Sewing has traditionally been the domain of women, but its commercial aspects—like fashion design and pattern creation—have, until relatively recently, been a boys' club. Now, more women than ever are making names for themselves, not only in couture design houses and high fashion runways, but also through how-to blogs, unique pattern lines, and more. Check out these ten women who are making waves in the world of sewing!
- Sarai Mitnick
Sarai Mitnick was working in tech in Silicon Valley when she realized her calling was elsewhere. Together, she and her husband started Collette Patterns, a web-based company that designs and sells beautiful modern clothing patterns for the home sewist. The site is a staple for home sewists thanks to the wealth of resources on offer, including sew-alongs of various Collette Patterns that can help beginners master the tricky bits, and plenty of tips and tricks for getting the perfect finish.
UK sewist Tilly Walnes proves that with practice and patience, anyone can learn to sew. She was working an office job in the film industry when a dressmaking class she was taking for fun turned into something more. She started working full time as a sewist, designing patterns and blogging about the experience. She gained national attention in Britain when she was featured on The Great British Sewing Bee, and now her blog and books have become handy how-to guides for fellow sewists.
- Gretchen Hirsch
Gretchen "Gertie" Hirsch is known as much for her signature vintage style as for her fantastic guides to sewing. Before her sewing work took over, she was a children's book editor, but she left that job to pursue the opportunities that her "hobby" afforded her, including teaching classes, blogging and writing articles, and, of course, creating beautiful sewing projects herself. Gertie's New Blog for Better Sewing itself is a great resource for sewists, and you can also find lots of Gertie's video tutorials and even register for online classes.
- Vera Wang
Vera Wang may be best known for her bridal wear—in fact, she's probably one of the best known designers of bridal wear—but in recent years she's branched out into other areas of commercial fashion, including a line for Kohl's. Most designers tend to stick to one area, especially if it's as distinctive as bridal, but her bold modern style translates well into other arenas. She's even developed patterns for home sewists, both of bridal wear and everyday looks.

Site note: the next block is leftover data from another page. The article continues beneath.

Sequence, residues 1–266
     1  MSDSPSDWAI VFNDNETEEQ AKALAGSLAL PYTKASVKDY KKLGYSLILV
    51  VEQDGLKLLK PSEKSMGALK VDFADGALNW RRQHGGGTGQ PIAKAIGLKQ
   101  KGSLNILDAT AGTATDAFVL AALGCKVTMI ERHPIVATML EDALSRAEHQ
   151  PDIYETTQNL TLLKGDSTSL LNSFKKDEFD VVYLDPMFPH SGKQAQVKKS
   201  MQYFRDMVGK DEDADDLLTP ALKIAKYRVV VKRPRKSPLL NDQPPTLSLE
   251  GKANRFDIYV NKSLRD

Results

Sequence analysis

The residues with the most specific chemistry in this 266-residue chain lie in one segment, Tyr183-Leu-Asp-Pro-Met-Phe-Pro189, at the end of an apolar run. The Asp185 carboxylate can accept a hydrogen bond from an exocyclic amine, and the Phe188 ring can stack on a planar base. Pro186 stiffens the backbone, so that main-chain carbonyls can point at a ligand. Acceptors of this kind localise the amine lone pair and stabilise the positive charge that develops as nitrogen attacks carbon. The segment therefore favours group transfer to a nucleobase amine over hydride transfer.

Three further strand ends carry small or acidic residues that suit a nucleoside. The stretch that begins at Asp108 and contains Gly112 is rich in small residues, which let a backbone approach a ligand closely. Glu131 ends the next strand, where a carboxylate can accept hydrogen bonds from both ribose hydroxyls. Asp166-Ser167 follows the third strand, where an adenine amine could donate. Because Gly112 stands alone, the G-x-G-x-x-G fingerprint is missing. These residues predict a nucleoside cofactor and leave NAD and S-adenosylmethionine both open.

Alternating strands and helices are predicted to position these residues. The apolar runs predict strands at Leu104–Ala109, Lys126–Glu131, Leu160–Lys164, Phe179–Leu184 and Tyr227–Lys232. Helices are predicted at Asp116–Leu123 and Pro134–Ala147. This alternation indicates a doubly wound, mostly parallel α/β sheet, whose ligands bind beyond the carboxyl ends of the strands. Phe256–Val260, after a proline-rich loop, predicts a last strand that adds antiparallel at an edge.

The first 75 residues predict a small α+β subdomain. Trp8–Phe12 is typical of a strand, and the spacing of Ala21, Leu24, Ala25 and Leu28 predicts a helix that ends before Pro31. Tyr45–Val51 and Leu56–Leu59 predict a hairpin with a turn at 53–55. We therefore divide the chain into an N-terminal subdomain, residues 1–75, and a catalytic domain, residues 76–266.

- Anna Maria Horner
Unlike some of the other women leading the sewing revolution, Anna Maria Horner always knew she wanted to be a maker. She started with designing her own clothing line, which she sold in her own retail store, and then branched out to creating other handmade resources, including a line of fabrics, sewing books, and more. In addition to her own creative projects, she's also the spokesperson for Janome Sewing Machines.
- Sarah Burton
Now the head designer at Alexander McQueen, Sarah Burton joined the fashion house in its early days. Newly out of design school, she was surprised by the hands-on approach McQueen took to his designs, but she found it improved her own skills and gave her insights into how she could manipulate materials. Following McQueen's suicide in 2010, Burton was tasked with bringing the fashion house forward as its head designer, and her focus on craft shows in every design.
- Amy Butler
"Designer" might be too small a word for Amy Butler. She's worked on books, fabrics, patterns, and more. She and her husband started the studio Art of the Midwest to focus on helping other creative types get the material they need to finish their projects, whether it's a custom designed fabric or the perfect illustrations for a book. Despite the fact that her work takes her in many directions at once, for Butler, the focus in her designs is on simplicity— creating a welcome break in a hectic day.
- Stella McCartney
Fashion designer Stella McCartney creates looks that prove that sharply tailored lines and crisp angles don't have to look masculine. Her fashion is modern in more than just looks, however. As a vegetarian herself, McCartney designs without using leather or fur, opting instead for vegan alternatives. She chooses sustainable materials for her fashions as well, including ethical sourcing and natural fibers.
- Rebecca Arnold
Dr. Rebecca Arnold isn't your typical mover and shaker of the sewing world. She's not a fashion designer or a blogger, but her influence is still all over the internet thanks to her Instagram profile, @documenting_fashion. By trade, she's the Senior Lecturer in History of Dress & Textiles at the Courtauld Institute of Art in London, but on Instagram, she helps break down the nuances of fashion, both everyday and haute couture, for home sewists and consumers. Scrolling through her feed is like a masterclass in the essence of design, and how it's changed over time, and definitely a must for any aspiring designers.
- Jennifer Moore
Jennifer Moore left her job at CNN to found Sewing Report, a website that provides resources for sewists on all kinds of topics, from quilting tips and tricks to how to find fabrics. Moore draws on her background in content creation to craft videos and articles rather than focusing on pattern design or creating her own fashion line. For her, the goal is to help other sewists discover their passion by helping them with the sewing itself.